Sublingual, heat-stable oxytocin tablets for postpartum hemorrhage: A simple, rapid, needle-free approach

Program for Appropriate Technology in Health (PATH)
Organization Location: 
Seattle, WA, USA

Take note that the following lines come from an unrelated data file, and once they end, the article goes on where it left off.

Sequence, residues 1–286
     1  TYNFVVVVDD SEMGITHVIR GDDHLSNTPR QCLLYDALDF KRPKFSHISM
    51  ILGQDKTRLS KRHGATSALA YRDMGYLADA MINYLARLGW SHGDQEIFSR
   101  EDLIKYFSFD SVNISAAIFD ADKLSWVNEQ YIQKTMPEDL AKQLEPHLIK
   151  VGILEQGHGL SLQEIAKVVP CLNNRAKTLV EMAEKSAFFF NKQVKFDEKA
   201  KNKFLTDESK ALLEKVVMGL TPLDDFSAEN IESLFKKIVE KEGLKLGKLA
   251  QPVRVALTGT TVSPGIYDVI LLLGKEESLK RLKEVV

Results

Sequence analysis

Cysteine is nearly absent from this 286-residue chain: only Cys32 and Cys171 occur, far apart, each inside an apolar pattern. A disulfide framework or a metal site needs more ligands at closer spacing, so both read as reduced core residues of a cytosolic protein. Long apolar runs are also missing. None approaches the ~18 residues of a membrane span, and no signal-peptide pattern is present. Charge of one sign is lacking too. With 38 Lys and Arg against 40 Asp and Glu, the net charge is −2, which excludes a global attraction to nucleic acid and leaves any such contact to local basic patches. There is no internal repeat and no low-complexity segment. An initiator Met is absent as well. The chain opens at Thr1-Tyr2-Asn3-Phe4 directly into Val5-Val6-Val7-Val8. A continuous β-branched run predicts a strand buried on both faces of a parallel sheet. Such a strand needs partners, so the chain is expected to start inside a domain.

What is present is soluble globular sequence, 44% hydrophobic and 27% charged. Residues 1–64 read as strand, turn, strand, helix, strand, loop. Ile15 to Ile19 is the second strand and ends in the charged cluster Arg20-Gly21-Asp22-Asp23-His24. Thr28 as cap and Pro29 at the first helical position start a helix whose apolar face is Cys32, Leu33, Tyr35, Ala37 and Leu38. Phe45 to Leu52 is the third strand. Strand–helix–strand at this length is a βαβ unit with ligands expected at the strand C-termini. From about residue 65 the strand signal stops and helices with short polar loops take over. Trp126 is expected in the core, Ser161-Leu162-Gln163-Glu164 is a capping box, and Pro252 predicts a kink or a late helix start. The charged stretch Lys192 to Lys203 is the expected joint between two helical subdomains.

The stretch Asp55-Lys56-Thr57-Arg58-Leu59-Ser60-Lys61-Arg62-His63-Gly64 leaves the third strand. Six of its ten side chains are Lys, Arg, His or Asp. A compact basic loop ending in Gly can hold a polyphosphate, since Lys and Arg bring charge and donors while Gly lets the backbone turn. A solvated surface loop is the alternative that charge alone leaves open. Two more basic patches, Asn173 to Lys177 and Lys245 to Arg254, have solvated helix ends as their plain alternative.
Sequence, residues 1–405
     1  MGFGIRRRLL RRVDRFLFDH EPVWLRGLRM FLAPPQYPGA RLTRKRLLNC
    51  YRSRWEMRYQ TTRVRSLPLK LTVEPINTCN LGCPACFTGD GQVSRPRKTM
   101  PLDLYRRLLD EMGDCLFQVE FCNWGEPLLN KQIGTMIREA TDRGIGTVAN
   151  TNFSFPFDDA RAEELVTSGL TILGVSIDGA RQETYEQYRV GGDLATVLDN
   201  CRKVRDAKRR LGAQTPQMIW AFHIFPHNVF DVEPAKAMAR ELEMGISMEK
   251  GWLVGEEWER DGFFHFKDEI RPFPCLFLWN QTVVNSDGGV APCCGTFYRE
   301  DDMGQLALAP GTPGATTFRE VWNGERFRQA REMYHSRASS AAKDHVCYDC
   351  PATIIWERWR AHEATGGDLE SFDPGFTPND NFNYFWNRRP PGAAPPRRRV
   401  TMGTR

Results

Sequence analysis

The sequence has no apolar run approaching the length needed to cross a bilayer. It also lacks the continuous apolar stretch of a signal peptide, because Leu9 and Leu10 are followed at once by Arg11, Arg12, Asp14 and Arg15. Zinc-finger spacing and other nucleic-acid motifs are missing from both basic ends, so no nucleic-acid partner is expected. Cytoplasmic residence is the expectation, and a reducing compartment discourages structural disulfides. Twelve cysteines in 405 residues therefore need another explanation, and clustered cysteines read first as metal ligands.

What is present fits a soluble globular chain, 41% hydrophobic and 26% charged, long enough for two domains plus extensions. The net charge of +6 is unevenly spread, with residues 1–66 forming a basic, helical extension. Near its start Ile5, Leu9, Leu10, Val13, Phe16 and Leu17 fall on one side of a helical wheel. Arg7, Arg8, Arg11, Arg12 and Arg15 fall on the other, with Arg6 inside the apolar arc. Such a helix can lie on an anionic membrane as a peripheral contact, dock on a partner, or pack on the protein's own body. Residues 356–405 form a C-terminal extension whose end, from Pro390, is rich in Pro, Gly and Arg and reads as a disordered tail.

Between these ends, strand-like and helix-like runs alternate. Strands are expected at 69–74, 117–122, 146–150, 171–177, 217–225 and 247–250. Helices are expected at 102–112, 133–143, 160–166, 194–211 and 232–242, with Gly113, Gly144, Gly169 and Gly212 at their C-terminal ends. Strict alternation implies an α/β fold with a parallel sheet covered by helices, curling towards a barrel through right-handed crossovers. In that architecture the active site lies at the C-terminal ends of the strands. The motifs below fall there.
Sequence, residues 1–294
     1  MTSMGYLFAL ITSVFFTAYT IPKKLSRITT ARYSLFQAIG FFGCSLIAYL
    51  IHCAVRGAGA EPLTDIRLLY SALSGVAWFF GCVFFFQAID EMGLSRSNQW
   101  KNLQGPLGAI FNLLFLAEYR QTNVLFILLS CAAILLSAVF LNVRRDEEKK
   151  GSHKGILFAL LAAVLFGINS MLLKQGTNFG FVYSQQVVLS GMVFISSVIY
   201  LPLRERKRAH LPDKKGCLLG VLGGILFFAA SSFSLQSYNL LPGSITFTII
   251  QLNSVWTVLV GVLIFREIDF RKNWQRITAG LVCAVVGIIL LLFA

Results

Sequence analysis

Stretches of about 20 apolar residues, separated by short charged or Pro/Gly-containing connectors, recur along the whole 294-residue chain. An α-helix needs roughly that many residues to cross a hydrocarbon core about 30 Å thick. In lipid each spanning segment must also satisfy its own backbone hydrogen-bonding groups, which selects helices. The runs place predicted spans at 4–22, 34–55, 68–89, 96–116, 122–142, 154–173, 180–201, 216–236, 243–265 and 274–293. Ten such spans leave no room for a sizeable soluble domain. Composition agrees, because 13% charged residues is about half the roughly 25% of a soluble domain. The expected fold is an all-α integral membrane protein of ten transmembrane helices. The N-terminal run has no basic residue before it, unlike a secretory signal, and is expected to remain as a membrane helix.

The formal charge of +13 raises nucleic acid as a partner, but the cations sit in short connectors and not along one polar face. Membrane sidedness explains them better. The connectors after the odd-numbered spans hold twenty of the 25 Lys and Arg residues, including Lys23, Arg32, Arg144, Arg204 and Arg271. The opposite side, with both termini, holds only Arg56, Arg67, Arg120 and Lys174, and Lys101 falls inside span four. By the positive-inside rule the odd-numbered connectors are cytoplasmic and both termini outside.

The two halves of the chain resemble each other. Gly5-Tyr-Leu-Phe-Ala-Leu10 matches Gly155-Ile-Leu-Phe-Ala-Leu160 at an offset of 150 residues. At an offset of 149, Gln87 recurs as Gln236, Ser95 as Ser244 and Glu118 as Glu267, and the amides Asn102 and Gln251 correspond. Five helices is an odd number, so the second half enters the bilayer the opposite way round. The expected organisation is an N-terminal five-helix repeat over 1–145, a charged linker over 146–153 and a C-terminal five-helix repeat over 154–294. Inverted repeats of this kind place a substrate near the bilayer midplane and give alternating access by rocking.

Postpartum hemorrhage (PPH) is the most significant contributor to maternal mortality and morbidity worldwide, disproportionately affecting women in low-resource settings. Most women in these settings deliver without skilled birth attendants, hours away from facilities where skilled birth attendants are available. Injectable oxytocin has been recommended by the World Health Organization for routine use in prevention and treatment of PPH. However, safely delivering an injection requires a trained provider and sterile equipment, ideally in a health facility setting. Additionally, delivering a lifesaving dose of oxytocin is further complicated by the poor stability of oxytocin- it is inactivated if exposed to high ambient temperatures. We propose to address both challenges by developing heat-stable oxytocin in a fast-dissolving tablet format for sublingual (under tongue) administration. Sublingual tissue is highly permeable and rich in blood supply; it is capable of producing rapid onset of action in blood, which is ideal for the short delivery period required for oxytocin. We will conduct pharmaceutical studies to develop heat-stable oxytocin and conduct preclinical (bioequivalence and bioavailability) studies in pigs to confirm feasibility of the sublingual route (in comparison to standard intramuscular administration). We will confirm heat stability of oxytocin in this format by conducting an elevated temperature stability study. The use of a fast-dissolving tablet format is intuitive and allows for safe, straightforward administration of oxytocin by patient and caregiver. Heat-stable oxytocin in a fast-dissolving tablet format for sublingual administration will significantly reduce maternal deaths from PPH.

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